I worked for fifteen years with the same improvisational theater company. Let's plug them, shall we?
Impulse Theater in Denver, Colorado. Lower level of the Wynkoop Brewing Company.
My very first link....proud...proud...proud.
On the television series, "Whose Line is it Anyway?", they would call an audience member down, give them a microphone, and have them produce vocal sound effects for the scene taking place. I did that, professionally, for almost 2,500 performances. Enough self-promotion and shameless linking - this is all just background.
In the foreground is the fact that I performed with over 100 of the most talented people I know I will ever meet. At any given time, there were 15 to 20 working cast members. Every three or four years, after the cast had gotten wickedly experienced and felt the itch, a great number of them (always better than half) would leave the show within about the same two month period.
We called it The Exodus.
After every Exodus, we would bring in a new group of actors, train them in the show format and general improvisation, and turn them loose on the unsuspecting public. The audiences always changed with the actors. Relying on word-of-mouth advertising for almost our entire history, the words would simply start flowing from a new set of mouths whenever the new wave of actors would begin performing. The Exodus always happened before the slower summer season and, by the next fall, the crowd was right back where it used to be, mathematically. But a good percentage of the regulars had moved on, to be replaced by new regulars. It happened just that way four or five times during my tenure. We'll get to why I stayed as long as I did in another post.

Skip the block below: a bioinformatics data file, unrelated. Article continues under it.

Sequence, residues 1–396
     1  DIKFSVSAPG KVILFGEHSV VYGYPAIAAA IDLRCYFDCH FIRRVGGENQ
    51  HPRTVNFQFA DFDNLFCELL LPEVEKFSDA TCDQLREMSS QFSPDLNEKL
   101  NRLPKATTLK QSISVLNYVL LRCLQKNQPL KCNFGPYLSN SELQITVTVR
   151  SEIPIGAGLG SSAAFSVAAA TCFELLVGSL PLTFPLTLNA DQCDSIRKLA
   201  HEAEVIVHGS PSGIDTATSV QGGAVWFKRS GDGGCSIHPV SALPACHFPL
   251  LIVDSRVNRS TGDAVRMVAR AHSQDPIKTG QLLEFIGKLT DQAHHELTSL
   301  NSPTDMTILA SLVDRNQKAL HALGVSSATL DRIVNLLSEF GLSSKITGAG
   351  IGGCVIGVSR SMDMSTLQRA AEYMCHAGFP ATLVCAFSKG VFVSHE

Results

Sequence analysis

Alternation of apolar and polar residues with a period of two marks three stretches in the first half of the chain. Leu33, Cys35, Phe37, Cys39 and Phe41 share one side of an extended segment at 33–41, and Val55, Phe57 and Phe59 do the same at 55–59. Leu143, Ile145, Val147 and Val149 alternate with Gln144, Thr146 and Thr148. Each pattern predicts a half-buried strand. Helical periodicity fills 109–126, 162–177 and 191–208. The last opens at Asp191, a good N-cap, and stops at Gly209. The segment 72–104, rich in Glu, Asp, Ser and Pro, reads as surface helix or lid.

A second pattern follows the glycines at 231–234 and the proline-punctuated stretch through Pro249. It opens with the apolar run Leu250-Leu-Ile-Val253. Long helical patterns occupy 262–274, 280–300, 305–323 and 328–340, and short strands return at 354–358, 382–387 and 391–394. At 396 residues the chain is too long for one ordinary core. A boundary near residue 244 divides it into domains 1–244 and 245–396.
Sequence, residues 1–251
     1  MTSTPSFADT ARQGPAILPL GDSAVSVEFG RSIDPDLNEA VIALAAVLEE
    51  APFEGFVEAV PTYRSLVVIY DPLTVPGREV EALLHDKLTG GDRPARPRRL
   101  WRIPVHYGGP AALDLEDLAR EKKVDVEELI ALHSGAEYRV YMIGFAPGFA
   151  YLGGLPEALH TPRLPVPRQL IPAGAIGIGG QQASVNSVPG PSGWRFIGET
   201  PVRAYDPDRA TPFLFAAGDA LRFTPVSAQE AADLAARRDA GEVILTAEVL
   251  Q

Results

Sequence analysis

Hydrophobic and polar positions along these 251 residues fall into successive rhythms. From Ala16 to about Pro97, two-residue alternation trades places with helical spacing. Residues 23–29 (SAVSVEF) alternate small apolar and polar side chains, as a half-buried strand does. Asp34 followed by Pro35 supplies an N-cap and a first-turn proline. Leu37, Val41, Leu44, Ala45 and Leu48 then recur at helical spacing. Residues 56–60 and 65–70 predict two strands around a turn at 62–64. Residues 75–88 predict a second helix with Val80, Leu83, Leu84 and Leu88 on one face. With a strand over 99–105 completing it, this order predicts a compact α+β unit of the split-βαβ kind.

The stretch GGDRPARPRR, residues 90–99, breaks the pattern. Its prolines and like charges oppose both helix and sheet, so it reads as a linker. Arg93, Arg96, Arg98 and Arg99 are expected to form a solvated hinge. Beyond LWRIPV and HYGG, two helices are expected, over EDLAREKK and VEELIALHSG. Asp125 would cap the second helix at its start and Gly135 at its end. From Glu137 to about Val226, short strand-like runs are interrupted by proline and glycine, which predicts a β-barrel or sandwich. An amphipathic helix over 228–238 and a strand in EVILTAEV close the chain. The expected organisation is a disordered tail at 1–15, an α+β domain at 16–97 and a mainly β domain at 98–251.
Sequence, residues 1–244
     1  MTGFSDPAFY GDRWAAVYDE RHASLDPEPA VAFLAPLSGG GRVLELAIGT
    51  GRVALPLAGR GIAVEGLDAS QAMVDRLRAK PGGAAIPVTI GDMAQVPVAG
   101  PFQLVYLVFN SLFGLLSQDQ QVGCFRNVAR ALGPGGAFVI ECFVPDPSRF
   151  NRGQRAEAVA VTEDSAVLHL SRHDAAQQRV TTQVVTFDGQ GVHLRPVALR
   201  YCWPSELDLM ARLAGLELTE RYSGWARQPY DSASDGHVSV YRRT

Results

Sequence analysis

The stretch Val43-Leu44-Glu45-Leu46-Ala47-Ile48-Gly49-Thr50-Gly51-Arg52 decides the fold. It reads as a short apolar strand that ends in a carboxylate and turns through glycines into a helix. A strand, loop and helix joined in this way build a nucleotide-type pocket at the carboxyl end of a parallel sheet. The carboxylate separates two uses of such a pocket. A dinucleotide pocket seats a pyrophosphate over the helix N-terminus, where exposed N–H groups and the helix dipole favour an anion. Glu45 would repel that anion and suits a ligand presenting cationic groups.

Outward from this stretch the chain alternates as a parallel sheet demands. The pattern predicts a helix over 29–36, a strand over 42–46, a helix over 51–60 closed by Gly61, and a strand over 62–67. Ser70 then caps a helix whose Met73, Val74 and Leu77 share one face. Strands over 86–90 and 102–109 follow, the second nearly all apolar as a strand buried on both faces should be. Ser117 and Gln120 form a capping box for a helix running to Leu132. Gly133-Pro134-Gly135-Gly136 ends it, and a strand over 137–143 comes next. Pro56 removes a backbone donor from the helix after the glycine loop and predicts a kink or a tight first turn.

Do you remember Andrew Dice Clay? A standup comedian of no mean skill, with a few impersonations in his bag - but he will always be remembered for The Diceman, a raunchy poet with misogynistic leanings who scorched the clubs and began playing full arenas during the height of his run. For years, the Diceman would play to packed houses.
At first, the attacks on his character by every politically correct celebrity and group on the list were a welcome boost to his gate and popularity. Eventually, either because The Diceman got old or Andrew got older, the criticism stopped sounding like applause and began sounding like, well, criticism.
So Andrew Dice Clay, not to be confused with Diceman, made a move to get away from the image that had earned him so much notoriety. But he never really got away from Diceman. In fact, he is attempting a comeback with the material and the character.
I am having a sale, today. Read one message, get the second message free.
The first message, from Impulse Theater, is that if you work on your craft and are expressing yourself to the best of your abilities, your audience will always be out there, waiting for you. This doesn't mean you don't tweet and get the Facebook and MySpace pages, because that is one of the ways it is done, these days. This message is for those who, like me, wondered if there would ever be an audience for their Art. There is, and enough marketing and creative barnstorming can get them for you.
The second message comes from Diceman, and it is a warning: Make sure you are who you want to be, as an artist, when your audience finds you. Once they do, right or wrong, they will define you by what brought them to the show.